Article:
Maybe for selfish reasons, the letter M was a little hard to classify for this little experiment. It is, after all, my favorite letter: the first letter of both my name and my sobriquet and the letter that I most closely associate with my own self.
The lovely thirteenth letter of the English alphabet, with its happy little mountainous peaks, and which starts words such as marvelous, magical, momentous, mellifluous and mommy, is the one that is assigned this thirteenth day of April.
(Less desirable, but also with an M include, masochistic, megalomaniac, manure, and malaprop.)
So anyway, memories.
I wonder a lot about memories, especially when potentially being out here on the road and creating memories of my own.
I wonder about all those people with their jaw-droppingly expensive photographic equipment, taking pictures of the same stuff over and over year in and year out. I wonder if this will be the year in which they will decide that they will take some basic photography lessons and figure out that you can take better pictures without always using flash or that you don’t have to pose all pictures with fake smiles in order to save a memory (yes, I am an amateur myself, but even I have standards).
But seriously, I do think about them. I think about them and their cameras and videocameras, all crammed in like sardines in their overflowing minivans. I think about their dogs, getting a much-needed potty break on the Interstate, and wonder about the scent of dog urine pervading the upholstery.
I wonder if low visibility and getting stuck behind the semi trucks is worth the memories. Seeing huge caravans of cars and minivans and SUVs from (mostly) New York and Maine and Ontario so very crowded and being lured by the same promises of $25 Disney tickets; bingo Tuesday, Thursday and Saturday; ROMAN CANDLES! FIREWORKS! FIREWORKS!; and girls that dare to go bare for you (Good food and showers for truckers at the Risqué Café!); makes me wonder if the two-thousand mile journey to wherever these people are going (Orlando, Florida?) is really truly worthwhile.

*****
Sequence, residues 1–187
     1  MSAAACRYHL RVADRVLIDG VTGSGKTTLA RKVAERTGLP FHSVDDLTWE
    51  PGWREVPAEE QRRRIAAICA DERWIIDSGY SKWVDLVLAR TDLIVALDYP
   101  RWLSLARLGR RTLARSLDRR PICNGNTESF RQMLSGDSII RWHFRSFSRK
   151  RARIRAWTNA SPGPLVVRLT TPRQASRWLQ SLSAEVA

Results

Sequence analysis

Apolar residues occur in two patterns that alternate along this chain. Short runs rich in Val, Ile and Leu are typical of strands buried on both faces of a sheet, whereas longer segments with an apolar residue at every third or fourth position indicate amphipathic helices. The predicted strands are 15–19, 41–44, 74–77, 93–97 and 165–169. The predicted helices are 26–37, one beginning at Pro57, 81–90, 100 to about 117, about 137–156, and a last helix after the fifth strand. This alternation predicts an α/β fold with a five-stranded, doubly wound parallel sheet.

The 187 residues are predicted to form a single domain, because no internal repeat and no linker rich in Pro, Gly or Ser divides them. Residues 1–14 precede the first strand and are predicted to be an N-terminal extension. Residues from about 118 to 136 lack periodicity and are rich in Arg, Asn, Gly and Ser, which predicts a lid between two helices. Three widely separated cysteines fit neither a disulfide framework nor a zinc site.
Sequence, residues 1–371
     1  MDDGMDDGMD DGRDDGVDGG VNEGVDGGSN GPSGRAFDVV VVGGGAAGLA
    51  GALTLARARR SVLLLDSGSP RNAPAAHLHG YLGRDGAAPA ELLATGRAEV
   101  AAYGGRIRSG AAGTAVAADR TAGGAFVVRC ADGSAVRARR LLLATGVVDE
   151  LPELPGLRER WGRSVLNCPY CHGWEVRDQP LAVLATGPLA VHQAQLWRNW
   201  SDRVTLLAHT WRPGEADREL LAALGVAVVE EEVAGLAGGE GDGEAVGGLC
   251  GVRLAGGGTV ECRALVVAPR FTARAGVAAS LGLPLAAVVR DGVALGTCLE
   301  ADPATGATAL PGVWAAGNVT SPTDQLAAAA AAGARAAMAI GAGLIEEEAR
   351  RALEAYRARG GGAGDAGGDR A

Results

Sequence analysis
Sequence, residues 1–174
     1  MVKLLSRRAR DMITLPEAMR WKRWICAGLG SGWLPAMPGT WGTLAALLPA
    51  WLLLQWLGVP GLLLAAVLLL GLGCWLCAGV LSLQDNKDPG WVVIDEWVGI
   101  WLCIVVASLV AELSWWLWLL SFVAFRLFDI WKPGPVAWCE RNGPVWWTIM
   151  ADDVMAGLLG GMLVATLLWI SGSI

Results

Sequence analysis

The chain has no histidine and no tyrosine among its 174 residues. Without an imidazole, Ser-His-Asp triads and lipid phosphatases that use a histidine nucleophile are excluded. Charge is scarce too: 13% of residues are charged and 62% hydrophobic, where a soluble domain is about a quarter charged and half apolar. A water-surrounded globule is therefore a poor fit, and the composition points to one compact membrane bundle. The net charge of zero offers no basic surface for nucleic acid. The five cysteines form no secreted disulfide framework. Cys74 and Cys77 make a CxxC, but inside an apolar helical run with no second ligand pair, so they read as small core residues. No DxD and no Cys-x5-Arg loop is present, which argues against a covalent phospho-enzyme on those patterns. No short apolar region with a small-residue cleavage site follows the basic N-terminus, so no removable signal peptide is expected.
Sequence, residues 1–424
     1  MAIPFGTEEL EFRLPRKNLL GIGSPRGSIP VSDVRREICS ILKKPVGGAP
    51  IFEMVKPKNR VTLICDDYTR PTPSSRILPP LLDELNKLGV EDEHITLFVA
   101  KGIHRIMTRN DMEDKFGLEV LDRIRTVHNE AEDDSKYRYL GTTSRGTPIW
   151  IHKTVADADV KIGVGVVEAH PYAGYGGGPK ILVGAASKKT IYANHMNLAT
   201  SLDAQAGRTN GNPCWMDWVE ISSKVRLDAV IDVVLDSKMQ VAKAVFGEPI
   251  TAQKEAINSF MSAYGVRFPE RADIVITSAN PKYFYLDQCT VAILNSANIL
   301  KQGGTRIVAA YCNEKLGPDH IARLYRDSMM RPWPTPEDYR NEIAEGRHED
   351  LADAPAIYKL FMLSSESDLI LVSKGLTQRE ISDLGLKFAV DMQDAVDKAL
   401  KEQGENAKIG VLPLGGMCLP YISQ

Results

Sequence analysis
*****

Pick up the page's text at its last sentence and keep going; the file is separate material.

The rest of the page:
I wonder if the pictures — the possibly good but mostly mediocre pictures– will make the arduous journey worthwhile.
I wonder if there will be hugs and kisses and thank-yous and I-can’t-believe-how-much-fun-this-is-jubilations, and singing along as the miles drift away. I wonder if there will be private moments remembering the tacky sombrero and giggling; or the joke told at the 342-mile marker; or the beautiful wildflowers blooming across the median; or if it will all be one deeply thankless and humorless endeavor– as bleak and gray as the concrete of the interstate.
I hope the memories are all worth it, but when I see some of the faces staring back at me in the mirrors of the rest rooms and from the cabins of the trucks and the cars and across the booths of my beloved Waffle House, I am pretty sure they just won’t be enough.
I wonder if we’re not just killing ourselves slowly for some pathetic semblance of a cherished memento, in some sort of misguided idea of what it means to be a family.
A mien that is just a moribund mimeograph of a moment that never materialized.